US: No Iranian N-Bomb before 2015. Its Program Is Dogged by Glitches

Optimistic accounts from the Middle East were heard on only one score, Iran's nuclear program, at the first get-together of US and NATO intelligence chiefs for assessing the Arab uprisings.
The confabulation took place at CIA headquarters in Langley, Washington in the third week of September.
In the first three articles in this issue, DEBKA-Net-Weekly offers exclusive coverage of this important and rare collective exchange of views among the heads of Western intelligence on an ongoing chapter of history.
Their assessment of the outlook facing Western interests from the turbulence sweeping the Arab world was for the most part gloomy. (See the first two articles.)
But on Iran and its drive for a nuclear bomb, US intelligence input was more sanguine: Iran is lagging four to five years at least behind its schedule for developing a nuclear weapon, American officials reported. Its military scientists and engineers are believed to be baffled by at least one unsolvable problem: How to build the weapon's outer containment shell. Even if they hit on a formula, it will take years of experimentation to perfect this key component.
This discovery invalidates previous American estimates that Iran could have one, three or even four nuclear bombs by the end of 2012 or early 2013. The new estimate is closer to 2015 or even 2016.

US intelligence: Iran can't operate new centrifuges

Iran's technological inadequacy has shown up in another field, say the same US experts: Advanced IR-2M and IR-4 centrifuges, capable of enriching uranium at three times the speed of the currently used IR-1 machines, have reportedly been installed at the Fordo underground nuclear facility near Qom. But they are standing idle because their velocity is irregular and never attains the required level – two essential conditions for enriching uranium up to the targeted 60 percent level.
US intelligence dismissed as propaganda the claims voiced Sept. 20 in Vienna by Feryedoon Abbasi-Davani that Iran was ready to install and transfer advanced centrifuges to the Fordo site for launching in six months.
No evidence has been found to support these claims.
It is believed that Abbasi-Davani was ordered to get the machines installed at the new facility without waiting for Iranian engineers to smooth out the glitches because Tehran was anxious to show Fordo was up and running in the face of the international outcry.
The same official's next comment at the time was seen as closer to reality:
"We are not in that much of a hurry since we have stored sufficient 20-percent enriched uranium and we are trying to expand the lifespan of centrifuges."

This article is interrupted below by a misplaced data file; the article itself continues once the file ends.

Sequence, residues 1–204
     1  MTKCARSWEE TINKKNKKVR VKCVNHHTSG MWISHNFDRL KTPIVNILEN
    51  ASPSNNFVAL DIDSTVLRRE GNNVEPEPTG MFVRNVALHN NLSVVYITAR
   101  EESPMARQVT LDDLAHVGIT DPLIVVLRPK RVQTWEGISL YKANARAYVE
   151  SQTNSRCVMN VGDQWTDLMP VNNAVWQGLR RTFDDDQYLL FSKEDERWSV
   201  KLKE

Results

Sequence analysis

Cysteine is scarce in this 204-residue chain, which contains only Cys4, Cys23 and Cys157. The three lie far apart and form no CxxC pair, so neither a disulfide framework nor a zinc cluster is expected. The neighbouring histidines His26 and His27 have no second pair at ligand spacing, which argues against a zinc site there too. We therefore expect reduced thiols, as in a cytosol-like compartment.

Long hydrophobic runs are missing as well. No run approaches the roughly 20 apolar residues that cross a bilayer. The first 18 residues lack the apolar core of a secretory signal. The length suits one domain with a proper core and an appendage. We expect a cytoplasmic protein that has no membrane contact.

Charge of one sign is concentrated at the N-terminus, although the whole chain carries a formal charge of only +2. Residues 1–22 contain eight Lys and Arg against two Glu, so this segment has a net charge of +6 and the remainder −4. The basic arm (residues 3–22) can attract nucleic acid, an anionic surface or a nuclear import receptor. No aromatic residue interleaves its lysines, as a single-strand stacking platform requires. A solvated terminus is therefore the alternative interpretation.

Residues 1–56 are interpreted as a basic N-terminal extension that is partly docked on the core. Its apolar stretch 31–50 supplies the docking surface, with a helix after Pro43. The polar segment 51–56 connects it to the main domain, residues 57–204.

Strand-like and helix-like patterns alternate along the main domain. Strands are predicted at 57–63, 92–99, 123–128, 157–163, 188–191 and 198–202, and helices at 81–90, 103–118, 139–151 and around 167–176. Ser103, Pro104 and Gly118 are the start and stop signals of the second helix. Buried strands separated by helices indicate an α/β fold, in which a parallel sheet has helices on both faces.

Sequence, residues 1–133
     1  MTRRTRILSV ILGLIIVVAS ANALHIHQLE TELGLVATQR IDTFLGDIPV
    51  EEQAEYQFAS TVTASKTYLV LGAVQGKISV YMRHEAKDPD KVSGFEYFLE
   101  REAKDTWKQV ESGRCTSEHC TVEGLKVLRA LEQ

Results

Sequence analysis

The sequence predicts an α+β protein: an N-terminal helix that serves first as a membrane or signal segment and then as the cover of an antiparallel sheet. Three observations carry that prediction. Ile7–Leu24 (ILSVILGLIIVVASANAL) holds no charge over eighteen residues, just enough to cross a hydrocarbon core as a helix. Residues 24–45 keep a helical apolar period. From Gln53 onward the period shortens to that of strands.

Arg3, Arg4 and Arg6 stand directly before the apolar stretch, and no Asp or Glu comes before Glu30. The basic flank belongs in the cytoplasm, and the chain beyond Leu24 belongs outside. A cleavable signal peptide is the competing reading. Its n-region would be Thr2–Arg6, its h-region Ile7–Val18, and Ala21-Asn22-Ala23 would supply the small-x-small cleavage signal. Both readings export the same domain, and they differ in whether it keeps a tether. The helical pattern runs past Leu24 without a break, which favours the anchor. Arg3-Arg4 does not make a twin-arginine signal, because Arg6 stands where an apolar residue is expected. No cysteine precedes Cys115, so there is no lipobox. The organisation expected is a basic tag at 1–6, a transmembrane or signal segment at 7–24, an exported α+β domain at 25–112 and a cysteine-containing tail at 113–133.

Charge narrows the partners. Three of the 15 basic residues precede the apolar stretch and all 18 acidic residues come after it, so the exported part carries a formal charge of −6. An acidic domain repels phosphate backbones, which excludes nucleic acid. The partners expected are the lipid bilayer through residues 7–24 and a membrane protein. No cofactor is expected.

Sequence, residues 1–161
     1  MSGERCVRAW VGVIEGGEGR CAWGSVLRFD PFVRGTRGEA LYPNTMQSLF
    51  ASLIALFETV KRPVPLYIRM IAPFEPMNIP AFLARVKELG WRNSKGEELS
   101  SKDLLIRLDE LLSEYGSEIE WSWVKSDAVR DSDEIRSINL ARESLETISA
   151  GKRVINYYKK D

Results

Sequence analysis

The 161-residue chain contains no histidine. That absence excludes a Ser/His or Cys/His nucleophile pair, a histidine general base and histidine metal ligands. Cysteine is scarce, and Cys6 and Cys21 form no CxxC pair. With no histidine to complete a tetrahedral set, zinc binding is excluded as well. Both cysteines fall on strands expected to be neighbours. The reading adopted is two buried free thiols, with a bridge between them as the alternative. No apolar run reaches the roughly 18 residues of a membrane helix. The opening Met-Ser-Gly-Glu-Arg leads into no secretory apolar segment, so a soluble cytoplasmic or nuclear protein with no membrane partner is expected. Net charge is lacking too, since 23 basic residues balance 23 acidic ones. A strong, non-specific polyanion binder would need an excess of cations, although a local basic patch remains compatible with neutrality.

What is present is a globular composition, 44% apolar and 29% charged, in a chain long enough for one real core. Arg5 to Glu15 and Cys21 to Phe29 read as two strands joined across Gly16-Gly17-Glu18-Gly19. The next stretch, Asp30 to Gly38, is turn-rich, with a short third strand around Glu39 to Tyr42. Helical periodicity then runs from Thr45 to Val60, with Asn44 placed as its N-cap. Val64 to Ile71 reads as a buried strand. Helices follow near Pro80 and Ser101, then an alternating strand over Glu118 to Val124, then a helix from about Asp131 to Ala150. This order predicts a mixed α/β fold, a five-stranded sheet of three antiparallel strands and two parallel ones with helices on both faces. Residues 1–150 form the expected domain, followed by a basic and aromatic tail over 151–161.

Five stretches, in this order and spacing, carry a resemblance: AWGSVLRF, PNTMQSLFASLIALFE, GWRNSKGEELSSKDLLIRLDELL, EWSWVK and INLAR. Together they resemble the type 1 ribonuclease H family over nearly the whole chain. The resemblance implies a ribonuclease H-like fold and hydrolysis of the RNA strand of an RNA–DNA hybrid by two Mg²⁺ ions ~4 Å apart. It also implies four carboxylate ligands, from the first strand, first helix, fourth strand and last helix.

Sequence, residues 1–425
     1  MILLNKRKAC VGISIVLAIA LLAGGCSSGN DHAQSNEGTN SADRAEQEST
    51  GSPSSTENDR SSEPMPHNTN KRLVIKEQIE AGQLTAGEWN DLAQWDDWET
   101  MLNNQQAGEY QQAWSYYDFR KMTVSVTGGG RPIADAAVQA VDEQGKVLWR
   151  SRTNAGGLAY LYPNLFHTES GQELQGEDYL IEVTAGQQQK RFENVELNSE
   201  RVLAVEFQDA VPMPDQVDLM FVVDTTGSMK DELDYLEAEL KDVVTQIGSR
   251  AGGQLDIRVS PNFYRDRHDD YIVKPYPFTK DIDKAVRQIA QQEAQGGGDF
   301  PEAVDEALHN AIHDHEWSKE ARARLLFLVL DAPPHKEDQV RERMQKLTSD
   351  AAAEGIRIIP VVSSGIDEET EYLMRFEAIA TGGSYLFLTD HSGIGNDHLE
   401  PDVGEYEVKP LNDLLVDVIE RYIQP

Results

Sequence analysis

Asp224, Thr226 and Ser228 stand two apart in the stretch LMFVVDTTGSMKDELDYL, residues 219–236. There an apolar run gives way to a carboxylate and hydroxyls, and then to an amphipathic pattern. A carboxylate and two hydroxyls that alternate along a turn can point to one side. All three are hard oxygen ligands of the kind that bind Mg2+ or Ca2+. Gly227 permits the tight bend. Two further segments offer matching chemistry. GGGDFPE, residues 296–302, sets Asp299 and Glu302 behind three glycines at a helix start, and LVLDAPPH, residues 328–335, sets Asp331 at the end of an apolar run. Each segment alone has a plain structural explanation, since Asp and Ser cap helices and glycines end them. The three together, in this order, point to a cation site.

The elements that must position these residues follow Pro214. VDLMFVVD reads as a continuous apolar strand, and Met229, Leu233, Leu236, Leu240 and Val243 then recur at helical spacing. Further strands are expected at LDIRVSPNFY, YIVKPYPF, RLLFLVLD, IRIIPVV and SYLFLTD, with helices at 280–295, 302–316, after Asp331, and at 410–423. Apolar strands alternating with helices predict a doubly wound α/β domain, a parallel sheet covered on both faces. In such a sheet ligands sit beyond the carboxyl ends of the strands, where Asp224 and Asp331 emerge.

The intelligence experts inferred that Iran had not solved the technical faults delaying the orderly operation of the new centrifuges and had fallen back on its less advanced machines.

Panetta tells Israel: No more need to attack Iran

However, the US spymasters did confirm that Iran had made progress in ballistics. Tehran was developing and building missiles with more powerful engines capable of longer ranges and greater accuracy than ever before in the following categories:
Shahab-3, 3A and 4; Zelzal-3; Sejjil; Shahab-3D-IRIS; X-55 Long Range Cruise Missile; Shahab-5 – Kosar; the Simorgh-3, 4 & 5 series and Shahab-6-Simorgh.
DEBKA-Net-Weekly’s intelligence sources say that this revised US evaluation was greeted with much skepticism by some of the Western intelligence chiefs attending the meeting.
In recent weeks, the Obama administrated has been quietly trying to persuade the governments of western European countries within range of Iranian ballistic missiles that they have nothing to fear from the advances in Iran's missile capabilities because it has no nuclear warheads – and won't have for years to come.
To clinch the argument, the United States has rejiggered European defenses against a potential Iranian missile attack. Romania has accepted the deployment of 24 interceptor systems and Turkey agreed to a sophisticated US radar station being installed on its soil by the end of the year.
As part of Washington's campaign of persuasion, US Defense Secretary Leon Panetta paid a visit to Israel Monday, Oct. 3, and assured its government and defense leaders that there was no need any longer to launch a military strike against Iran's nuclear program.

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